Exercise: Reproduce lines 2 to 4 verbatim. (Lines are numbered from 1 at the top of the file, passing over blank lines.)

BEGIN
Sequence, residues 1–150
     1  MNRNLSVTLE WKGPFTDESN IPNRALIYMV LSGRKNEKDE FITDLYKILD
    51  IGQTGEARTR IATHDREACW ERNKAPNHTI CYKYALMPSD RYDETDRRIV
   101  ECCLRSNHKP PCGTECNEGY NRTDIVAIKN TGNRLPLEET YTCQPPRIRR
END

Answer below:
     1  MNRNLSVTLE WKGPFTDESN IPNRALIYMV LSGRKNEKDE FITDLYKILD
    51  IGQTGEARTR IATHDREACW ERNKAPNHTI CYKYALMPSD RYDETDRRIV
   101  ECCLRSNHKP PCGTECNEGY NRTDIVAIKN TGNRLPLEET YTCQPPRIRR